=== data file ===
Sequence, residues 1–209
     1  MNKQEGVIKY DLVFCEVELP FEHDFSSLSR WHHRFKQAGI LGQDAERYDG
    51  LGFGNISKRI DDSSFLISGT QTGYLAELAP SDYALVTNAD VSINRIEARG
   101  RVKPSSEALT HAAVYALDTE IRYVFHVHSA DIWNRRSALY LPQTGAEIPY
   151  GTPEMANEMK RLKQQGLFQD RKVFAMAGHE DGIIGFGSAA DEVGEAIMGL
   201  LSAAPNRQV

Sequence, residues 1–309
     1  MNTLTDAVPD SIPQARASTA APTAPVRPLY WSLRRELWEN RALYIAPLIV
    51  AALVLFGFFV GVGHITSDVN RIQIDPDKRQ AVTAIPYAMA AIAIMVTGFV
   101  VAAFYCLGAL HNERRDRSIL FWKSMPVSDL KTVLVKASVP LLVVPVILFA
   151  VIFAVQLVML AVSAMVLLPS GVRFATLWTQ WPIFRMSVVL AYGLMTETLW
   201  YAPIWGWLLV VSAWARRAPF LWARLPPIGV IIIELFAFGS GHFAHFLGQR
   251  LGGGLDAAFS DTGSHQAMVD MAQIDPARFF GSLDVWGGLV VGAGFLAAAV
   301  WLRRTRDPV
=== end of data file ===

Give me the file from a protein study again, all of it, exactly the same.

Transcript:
Sequence, residues 1–209
     1  MNKQEGVIKY DLVFCEVELP FEHDFSSLSR WHHRFKQAGI LGQDAERYDG
    51  LGFGNISKRI DDSSFLISGT QTGYLAELAP SDYALVTNAD VSINRIEARG
   101  RVKPSSEALT HAAVYALDTE IRYVFHVHSA DIWNRRSALY LPQTGAEIPY
   151  GTPEMANEMK RLKQQGLFQD RKVFAMAGHE DGIIGFGSAA DEVGEAIMGL
   201  LSAAPNRQV

Sequence, residues 1–309
     1  MNTLTDAVPD SIPQARASTA APTAPVRPLY WSLRRELWEN RALYIAPLIV
    51  AALVLFGFFV GVGHITSDVN RIQIDPDKRQ AVTAIPYAMA AIAIMVTGFV
   101  VAAFYCLGAL HNERRDRSIL FWKSMPVSDL KTVLVKASVP LLVVPVILFA
   151  VIFAVQLVML AVSAMVLLPS GVRFATLWTQ WPIFRMSVVL AYGLMTETLW
   201  YAPIWGWLLV VSAWARRAPF LWARLPPIGV IIIELFAFGS GHFAHFLGQR
   251  LGGGLDAAFS DTGSHQAMVD MAQIDPARFF GSLDVWGGLV VGAGFLAAAV
   301  WLRRTRDPV